Matt Stempeck

Matt's a Research Assistant at the Center for Civic Media at the MIT Media Lab. He has spent his career at the intersection of technology and social change, mostly in Washington, D.C. He has advised numerous non-profits, startups, and socially responsible businesses on online strategy. Matt's interested in location, games, online tools, and other fun things. He's on Twitter @mstem.

by Matt Stempeck

Disclaimer: I’ve been a contractor with Google’s civic research team this year. I also bought two shares of Google stock a few years ago. This post has nothing to do with either of those two things. In a surprising gesture of transparency, Google has released their internal figures on employee diversity. The very first sentence [...] more »

by Matt Stempeck

Recently, we looked at Vox Media’s strategy to build a modern media company. One big way the company has made a name for its properties (The Verge, Polygon, and SB Nation) is with full-team deployments to cover important live events. Major tech industry announcements like the product launch keynotes popularized by former Apple CEO Steve Jobs [...] more »

by Matt Stempeck

Vox Media, the parent company behind tech website The Verge, gaming site Polygon, and sports site SB Nation, is a hybrid media and technology company that tightly integrates its coverage with internal software development. They produce original reporting on these topics, but they also produce software products to support that reporting. Internally, their product team [...] more »

by Matt Stempeck

Image by @mstem Like Facebook and other corporate social platforms, Kickstarter last week was pressured to refine its policies governing which speech it will and will not accept and support on its platform. The catalyst for the conversation was a DoSomething.org petition with more than 50,068 signatures (in just over a day) against Ken Hoinsky‘s [...] more »

by Matt Stempeck

Along with the other free peoples of the Internet, we’ve been discussing our reactions to PRISM, and whether and how U.S. — and global — citizens might be able to organize against this unprecedented digital spying. There are more questions than answers at the moment, and there’s an enormous challenge of confronting a massive entity [...] more »

by Matt Stempeck

Last week I wrote up the #FBrape campaign’s strategy: to hold Facebook accountable for the misogynistic content of its users by pressuring advertisers. Only seven days after the open letter was published, Marne Levine, Facebook’s VP of Global Publicy Policy, published a response agreeing to the campaign’s demands to better train the company’s moderators, improve [...] more »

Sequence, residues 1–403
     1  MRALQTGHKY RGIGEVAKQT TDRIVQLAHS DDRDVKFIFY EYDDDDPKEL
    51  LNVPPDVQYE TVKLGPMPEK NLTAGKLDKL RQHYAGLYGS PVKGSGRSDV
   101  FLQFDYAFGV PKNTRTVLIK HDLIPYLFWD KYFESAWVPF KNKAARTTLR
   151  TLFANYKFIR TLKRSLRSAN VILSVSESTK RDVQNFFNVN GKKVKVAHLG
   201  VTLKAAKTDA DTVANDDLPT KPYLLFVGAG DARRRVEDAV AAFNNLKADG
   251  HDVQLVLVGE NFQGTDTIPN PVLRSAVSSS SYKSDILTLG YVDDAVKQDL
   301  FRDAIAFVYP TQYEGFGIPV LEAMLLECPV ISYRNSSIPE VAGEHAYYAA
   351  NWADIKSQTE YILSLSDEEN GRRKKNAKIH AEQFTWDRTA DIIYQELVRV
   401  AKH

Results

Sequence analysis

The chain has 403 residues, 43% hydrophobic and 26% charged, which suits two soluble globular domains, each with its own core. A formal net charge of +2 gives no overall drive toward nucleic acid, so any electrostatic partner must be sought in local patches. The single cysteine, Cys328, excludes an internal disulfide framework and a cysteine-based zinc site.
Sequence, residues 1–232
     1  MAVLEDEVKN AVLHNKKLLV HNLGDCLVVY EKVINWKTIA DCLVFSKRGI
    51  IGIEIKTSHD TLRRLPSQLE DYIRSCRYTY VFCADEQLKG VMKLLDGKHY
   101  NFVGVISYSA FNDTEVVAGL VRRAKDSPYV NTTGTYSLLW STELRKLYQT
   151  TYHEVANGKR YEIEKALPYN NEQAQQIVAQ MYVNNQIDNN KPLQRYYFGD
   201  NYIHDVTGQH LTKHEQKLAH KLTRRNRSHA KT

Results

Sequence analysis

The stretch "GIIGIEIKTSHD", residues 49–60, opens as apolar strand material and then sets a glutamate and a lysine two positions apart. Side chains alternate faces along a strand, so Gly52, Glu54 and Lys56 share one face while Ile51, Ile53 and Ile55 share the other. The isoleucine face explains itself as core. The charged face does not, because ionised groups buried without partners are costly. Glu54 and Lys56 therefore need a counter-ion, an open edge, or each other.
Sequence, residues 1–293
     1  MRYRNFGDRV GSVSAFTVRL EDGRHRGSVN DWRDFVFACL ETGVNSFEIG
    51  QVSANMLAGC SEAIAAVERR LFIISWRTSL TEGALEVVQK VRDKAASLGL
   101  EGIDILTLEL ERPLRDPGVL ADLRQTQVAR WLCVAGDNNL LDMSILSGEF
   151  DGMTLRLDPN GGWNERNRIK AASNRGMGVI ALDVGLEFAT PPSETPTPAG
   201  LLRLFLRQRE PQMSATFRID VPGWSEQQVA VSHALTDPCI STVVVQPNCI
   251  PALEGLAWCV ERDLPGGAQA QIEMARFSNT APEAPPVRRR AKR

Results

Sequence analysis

by Matt Stempeck

There are many problems with using commercial technology platforms to host democratic, social, or activist content and communications. These problems came up in multiple sessions at the recent National Conference on Media Reform. There are also obvious reasons to continue using these platforms (audience reach, most notably), and so we do. Some activist efforts that [...] more »

by Matt Stempeck

I met my baby niece on Sunday morning. She was born late Saturday night. I went to some news sites to grab some screenshots of the things that happened the day she was born, and stopped myself. There were some really bad things happening in the world, Saturday, and every day. Instead, I wrote down [...] more »

by Matt Stempeck

The following is an MIT Center for Civic Media lunch live-blogged by the Center’s Nathan Matias and Rahul Bhargava. Today, we’re hearing from the National Archives and Records Administration about the archives they maintain, how they’re making those archives available online at Archives.gov, and approaches to sharing the archives to broader audiences. Pamela Wright is [...] more »

by Matt Stempeck

The following is a liveblog of an MIT Facebook recruiting event by Matt Stempeck, Rodrigo Davies, and Chris Peterson. We’ve had all of our data on Facebook for years. And advertisers have used Facebook’s self-service ad-buying platform, similar to Graph Search, to segment and target ads at us for years. But now, the rollout of [...] more »